The energy storage device 26 is connected to the pulsed latching relay 28 and, on discharging, provides the pulse energy for actuating the pulsed latching relay 28.

A controller 30 governs the operation of the pulsed latching relay 28 by controlling when to discharge the energy storage device 26. The controller 30 outputs a control signal 34 that causes the energy storage device 26 to be connected to the pulsed latching relay 28 so as to discharge the energy storage device 26 and actuate the relay 28. In at least one embodiment, the control signal 34 actuates a switch for connecting the energy storage device 26 to the pulsed latching relay 28. It will be appreciated that this switching function based upon the control signal 34 may be implemented using a number of circuit elements and configurations of varying complexity.

The controller 30 determines when to actuate the relay 28 based upon commands received over the control lines 12, 14. Accordingly, the controller 30 includes input ports for receiving signals from the control lines 12, 14. The addressable power switch 10 may include a signal filtering stage 32 for conditioning the signals on the control lines 12, 14 prior to input to the controller 28. The nature of the signal filtering stage 32 may depend upon the operating characteristics of the control lines 12, 14 and the characteristics of the controller 30, including whether its input ports are analog or digital input ports. The range of possible signal filtering and its implementation will be within the understanding of those skilled in the art.

The controller 30 is configured, for example through software resident in memory and executed by a processor within the controller 30, to recognize commands and address information on the control lines 12, 14. The controller 30 is programmed and configured in accordance with the relevant standard governing addressable control communications for a given implementation.

By using the pulsed latching relay 28 to connect the device 20 to line power, the addressable power switch 10 avoids the energy loss associated with having to energize a relay to maintain its state. Moreover, the energy for pulsing the relay 28 to change its state is supplied from the rechargeable energy storage device 26, which in turn is charged by a controlled trickle charging circuit 24 that derives a controlled charge current from the low power source of the control lines 12, 14. This configuration avoids the necessity of drawing a significant current from the control lines to energize a relay to maintain its closed state to connect a device to main power.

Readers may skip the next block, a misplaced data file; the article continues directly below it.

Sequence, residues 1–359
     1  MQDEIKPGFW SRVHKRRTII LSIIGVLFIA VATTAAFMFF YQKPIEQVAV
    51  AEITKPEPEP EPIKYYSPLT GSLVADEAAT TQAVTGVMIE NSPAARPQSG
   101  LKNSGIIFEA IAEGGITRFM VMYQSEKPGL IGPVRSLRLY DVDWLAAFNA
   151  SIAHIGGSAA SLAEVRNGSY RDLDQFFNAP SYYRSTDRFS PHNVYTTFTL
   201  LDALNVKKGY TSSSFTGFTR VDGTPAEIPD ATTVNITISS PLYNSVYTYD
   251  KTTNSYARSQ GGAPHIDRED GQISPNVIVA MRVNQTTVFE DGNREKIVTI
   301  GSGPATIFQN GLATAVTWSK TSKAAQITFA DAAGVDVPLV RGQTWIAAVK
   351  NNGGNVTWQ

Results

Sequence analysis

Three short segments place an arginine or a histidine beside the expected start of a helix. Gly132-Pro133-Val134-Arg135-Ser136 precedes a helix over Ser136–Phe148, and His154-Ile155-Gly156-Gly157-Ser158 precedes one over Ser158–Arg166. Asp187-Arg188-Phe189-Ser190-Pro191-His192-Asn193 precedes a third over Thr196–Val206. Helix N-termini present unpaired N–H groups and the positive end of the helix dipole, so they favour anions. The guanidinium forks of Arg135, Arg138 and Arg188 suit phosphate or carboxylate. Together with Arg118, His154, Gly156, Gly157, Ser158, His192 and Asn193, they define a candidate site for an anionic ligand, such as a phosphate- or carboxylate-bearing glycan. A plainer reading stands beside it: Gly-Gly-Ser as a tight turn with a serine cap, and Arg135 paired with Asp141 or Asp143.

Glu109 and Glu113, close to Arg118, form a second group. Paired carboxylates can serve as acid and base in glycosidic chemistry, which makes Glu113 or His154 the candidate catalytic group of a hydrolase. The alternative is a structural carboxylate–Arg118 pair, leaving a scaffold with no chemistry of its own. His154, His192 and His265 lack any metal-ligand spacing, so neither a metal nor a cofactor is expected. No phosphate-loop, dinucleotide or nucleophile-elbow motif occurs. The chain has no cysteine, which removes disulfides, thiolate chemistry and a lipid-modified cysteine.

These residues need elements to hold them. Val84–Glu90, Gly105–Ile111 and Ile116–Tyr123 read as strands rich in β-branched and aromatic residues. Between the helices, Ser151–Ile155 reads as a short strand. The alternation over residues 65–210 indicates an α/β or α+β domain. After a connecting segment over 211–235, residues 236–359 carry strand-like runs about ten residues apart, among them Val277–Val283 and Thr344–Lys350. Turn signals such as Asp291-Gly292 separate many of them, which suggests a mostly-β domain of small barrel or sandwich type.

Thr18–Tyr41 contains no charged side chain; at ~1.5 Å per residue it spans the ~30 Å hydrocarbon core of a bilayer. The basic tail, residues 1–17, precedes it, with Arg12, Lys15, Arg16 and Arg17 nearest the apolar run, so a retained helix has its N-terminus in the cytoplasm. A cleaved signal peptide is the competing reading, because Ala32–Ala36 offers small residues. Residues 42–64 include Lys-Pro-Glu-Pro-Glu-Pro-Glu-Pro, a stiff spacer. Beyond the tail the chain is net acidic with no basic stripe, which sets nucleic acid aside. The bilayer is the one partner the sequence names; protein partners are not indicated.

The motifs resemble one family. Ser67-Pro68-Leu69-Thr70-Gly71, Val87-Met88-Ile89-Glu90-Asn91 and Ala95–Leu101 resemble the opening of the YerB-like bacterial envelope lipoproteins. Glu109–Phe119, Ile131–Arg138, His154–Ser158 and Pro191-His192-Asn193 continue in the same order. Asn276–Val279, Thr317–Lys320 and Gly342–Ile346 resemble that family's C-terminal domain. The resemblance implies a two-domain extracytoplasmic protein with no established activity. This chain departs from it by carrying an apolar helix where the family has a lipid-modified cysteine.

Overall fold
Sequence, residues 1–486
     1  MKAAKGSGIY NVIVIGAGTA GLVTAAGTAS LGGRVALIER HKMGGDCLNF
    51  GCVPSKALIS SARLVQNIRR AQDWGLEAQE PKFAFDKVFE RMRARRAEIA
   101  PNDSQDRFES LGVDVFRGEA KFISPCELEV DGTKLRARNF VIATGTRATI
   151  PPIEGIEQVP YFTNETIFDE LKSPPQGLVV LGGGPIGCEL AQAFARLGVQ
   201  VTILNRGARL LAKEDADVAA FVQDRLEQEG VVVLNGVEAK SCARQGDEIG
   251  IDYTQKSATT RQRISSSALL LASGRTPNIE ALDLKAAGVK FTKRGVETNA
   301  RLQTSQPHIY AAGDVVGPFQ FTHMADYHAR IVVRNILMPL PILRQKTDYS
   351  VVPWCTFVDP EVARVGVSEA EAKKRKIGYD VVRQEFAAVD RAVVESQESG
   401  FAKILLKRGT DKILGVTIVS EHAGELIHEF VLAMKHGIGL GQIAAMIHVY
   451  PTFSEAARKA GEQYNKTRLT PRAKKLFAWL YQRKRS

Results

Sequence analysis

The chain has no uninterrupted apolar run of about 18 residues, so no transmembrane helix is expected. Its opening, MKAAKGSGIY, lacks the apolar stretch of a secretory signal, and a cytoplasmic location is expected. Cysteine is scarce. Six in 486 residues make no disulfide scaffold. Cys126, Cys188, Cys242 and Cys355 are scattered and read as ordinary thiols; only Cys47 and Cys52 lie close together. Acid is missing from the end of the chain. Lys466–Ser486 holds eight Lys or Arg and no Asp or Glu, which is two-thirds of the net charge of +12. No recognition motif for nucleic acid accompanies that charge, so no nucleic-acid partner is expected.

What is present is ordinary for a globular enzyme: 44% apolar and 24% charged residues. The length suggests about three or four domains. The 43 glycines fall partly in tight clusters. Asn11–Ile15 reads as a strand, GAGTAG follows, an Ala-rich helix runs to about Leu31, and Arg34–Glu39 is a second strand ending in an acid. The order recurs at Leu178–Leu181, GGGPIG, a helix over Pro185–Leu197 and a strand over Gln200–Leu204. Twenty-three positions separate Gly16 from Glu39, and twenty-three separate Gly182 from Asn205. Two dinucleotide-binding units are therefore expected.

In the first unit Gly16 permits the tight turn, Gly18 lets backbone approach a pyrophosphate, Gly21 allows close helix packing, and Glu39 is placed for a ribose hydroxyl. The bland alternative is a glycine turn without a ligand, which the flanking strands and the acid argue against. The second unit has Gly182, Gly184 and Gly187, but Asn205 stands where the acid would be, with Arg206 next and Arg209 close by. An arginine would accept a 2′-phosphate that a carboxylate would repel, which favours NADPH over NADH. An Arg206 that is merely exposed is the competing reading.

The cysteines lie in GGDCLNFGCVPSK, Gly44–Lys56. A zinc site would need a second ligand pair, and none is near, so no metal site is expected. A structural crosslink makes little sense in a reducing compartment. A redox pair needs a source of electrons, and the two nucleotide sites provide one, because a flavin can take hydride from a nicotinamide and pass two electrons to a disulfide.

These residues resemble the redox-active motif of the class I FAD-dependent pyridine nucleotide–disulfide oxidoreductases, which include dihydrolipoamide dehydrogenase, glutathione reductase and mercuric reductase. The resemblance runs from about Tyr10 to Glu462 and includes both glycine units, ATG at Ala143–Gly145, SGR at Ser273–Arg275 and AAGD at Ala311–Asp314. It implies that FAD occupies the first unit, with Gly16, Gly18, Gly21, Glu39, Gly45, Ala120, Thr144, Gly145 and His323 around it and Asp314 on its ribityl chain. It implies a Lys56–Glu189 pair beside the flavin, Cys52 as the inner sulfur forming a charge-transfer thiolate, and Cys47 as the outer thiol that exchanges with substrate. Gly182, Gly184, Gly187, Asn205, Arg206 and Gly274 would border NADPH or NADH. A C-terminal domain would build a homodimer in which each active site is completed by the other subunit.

In the addressable power switch 10 current is drawn from the control lines 12, 14 at a rate significant enough to recharge the energy storage device 26 over a reasonable period of time. In one embodiment, the addressable power switch 10 may be designed to permit pulsing the relay 28 to change its state at least three times on a single charge of the energy storage device 26, following which the energy storage device 26 must be recharged to permit further pulsing of the relay 28. The recharge rate, in one embodiment, is in the range of 10 to 30 seconds. It will be appreciated that the recharge rate in any given embodiment will depend upon the size of the pulse required, the capacity of the energy storage device 26, and the current available, among other factors. Faster or slower recharge rates may be suitable for certain embodiments. For example, in the case of HID lights a longer recharging time may be acceptable since a delay of 10 minutes may occur before the lamps may be re-fired in any event. Also in the case of HID lights the number of pulses required off of one full charge of the energy storage device 26 may be two since a quick ON-OFF cycle is all that may be expected in a very short timeframe due to the re-firing limitation.

In one embodiment, in which the control lines 12, 14 conform to the DALI standard, the current drawn by the addressable power switch 10 during charging of the energy storage device 26 is regulated to be less than 3.75 mA. In this manner, the current demands associated with charging or recharging the addressable power switch 10 are not a factor limiting the number of switches that may be connected to a DALI bus. Rather, the number of addressable switches that may be connected to the bus is limited by the number of available network addresses. It will be appreciated that in other embodiments, the current drawn may be regulated in view of different interface standards. Nevertheless, in such embodiments, the current may be regulated with a view to maximizing the number of devices that may be connected to the low voltage power bus.